This section of the reading was all about cybersecurity and where we can go from here. The authors have now outlined all the problems governments and individuals have with cybersecurity and cyberwarfare. But now they attempt to come to a conclusion as to how governments can react to the cyber threats that face us today.
They conclude that shutting down the internet and starting over is impossible, because the internet is not a law that can be “repealed” (Not the only thing that can’t be repealed @GOP Obamacare for life!!). There is also the discussion of gathering nations together to come up with some form of international regulations or to at least establish international cooperation. The problem with this is essentially realism– the larger states that hold the complex power and technology do not want to relinquish it to the smaller states. This goes back to the idea that there are weak players and strong players, and while there are advantages to being a weak player, the strong players still have more choices, and thus more advantages.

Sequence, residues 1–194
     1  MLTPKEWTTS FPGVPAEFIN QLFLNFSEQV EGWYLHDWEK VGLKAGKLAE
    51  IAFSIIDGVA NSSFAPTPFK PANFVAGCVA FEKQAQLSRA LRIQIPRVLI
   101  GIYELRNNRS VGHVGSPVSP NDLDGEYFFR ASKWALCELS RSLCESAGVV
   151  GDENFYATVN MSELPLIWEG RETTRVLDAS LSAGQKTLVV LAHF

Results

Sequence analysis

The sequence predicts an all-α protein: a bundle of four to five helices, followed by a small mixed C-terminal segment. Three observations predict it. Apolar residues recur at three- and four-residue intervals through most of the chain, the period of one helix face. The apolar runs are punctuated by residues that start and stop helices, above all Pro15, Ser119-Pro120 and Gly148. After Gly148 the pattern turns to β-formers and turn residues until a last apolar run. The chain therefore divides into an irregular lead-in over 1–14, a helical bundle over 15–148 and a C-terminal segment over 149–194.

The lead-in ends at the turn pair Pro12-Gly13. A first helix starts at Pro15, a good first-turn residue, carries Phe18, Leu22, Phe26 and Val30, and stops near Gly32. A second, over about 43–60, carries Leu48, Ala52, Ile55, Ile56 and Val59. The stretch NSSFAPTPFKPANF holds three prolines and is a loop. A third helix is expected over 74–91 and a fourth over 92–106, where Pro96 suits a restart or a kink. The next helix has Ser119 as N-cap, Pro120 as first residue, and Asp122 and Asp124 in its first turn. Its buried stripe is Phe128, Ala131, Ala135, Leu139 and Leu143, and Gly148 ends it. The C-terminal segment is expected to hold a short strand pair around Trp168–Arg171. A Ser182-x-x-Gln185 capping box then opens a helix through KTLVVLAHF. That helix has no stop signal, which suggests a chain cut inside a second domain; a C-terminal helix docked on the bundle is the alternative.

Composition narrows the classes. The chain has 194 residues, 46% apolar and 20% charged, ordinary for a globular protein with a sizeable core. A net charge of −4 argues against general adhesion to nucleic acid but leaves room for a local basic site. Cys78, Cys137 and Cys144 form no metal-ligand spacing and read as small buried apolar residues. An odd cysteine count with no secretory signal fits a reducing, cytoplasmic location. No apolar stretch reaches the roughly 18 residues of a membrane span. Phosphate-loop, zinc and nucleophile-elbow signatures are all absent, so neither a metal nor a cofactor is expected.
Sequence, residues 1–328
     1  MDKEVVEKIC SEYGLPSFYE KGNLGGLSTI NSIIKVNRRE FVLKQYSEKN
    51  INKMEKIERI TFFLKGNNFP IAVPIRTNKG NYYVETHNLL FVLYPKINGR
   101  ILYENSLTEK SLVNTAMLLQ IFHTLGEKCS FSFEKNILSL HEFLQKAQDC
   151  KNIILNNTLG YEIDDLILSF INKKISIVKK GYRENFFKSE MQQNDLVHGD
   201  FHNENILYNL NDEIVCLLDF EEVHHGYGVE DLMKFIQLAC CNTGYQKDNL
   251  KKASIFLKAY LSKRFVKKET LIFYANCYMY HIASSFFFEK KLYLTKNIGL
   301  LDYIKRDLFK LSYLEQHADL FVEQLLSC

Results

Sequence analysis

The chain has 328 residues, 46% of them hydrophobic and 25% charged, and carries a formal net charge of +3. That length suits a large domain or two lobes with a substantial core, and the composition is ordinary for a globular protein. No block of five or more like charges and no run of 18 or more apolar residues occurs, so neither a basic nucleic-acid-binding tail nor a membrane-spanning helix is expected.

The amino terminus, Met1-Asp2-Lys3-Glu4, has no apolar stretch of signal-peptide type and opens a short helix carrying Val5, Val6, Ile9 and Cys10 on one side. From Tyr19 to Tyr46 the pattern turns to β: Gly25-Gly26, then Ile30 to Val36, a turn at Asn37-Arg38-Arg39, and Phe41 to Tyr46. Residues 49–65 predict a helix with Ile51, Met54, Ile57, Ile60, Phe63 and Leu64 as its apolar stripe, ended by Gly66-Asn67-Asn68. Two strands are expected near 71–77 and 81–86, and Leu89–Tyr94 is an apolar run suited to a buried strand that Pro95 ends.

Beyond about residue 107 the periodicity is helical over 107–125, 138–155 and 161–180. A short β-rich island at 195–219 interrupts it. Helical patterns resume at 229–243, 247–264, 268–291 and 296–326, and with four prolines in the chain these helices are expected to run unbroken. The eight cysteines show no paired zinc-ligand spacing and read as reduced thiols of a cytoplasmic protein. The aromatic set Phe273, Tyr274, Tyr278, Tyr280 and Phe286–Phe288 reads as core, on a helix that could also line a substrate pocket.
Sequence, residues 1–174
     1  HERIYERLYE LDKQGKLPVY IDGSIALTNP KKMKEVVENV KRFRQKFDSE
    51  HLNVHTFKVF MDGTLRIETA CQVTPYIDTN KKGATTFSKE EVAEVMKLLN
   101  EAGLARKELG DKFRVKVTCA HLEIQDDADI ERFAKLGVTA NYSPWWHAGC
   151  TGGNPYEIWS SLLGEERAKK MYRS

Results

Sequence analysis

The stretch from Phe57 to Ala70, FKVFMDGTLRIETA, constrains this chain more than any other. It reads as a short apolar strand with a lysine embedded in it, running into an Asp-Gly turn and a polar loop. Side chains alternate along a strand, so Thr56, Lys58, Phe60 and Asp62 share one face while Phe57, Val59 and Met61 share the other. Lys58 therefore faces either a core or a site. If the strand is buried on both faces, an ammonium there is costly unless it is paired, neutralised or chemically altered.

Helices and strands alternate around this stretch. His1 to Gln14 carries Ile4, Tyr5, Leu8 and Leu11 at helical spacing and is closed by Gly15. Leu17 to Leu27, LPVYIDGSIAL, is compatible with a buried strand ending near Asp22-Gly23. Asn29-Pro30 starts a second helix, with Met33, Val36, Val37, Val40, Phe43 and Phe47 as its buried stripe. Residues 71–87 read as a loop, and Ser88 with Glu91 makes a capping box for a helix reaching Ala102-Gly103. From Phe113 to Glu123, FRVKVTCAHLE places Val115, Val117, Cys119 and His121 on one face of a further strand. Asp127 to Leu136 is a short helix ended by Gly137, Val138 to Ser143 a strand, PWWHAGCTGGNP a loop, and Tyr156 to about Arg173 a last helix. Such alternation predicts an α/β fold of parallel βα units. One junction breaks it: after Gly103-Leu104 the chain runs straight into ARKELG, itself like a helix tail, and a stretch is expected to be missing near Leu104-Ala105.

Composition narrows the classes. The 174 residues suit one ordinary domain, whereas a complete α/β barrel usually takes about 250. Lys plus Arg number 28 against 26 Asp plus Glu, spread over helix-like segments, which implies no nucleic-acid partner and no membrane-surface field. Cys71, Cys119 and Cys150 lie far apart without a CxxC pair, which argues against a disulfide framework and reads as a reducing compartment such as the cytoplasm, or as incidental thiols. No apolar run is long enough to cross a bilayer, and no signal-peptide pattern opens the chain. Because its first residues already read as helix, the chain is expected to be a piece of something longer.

It has also been very difficult for the government to place barriers as far as cybersecurity, because where an initiative can protect one party, it hurts another. In other cases, it is hard for Americans to compromise their privacy in return for safety. The issue is that rather than there just being shades of grey in this issue, there are ONLY shades of grey, and no black or white. The good and the bad blend together, disguising both helpful and hurtful entities. It has been very difficult and costly to ensure cybersecurity, which is most of the time not ensured or even vaguely doable. It was interesting to read the McColo case and the Visa case to see that change is possible if the right actors are involved.
When I read this, I immediately thought of the 2016 election, which was marked by cybersecurity breaches, whether it be WIkiLeaks or the DNC. It is interesting to see how competing actors can hurt each other via cyberwarfare, and how the big guy (the US government and the DNC) can be breached, while it takes months and years to learn how and by whom (we all know, but there’s no real way to punish people because there are no methods in place by which to assert power and order over cybersecurity.
Here is a link to a Buzzfeed article about Russia’s cyberwarfare game (I know, Buzzfeed, but it’s an easy read) and how Russia has been able to supplement its military strength with cyber capability:
That’s all for now.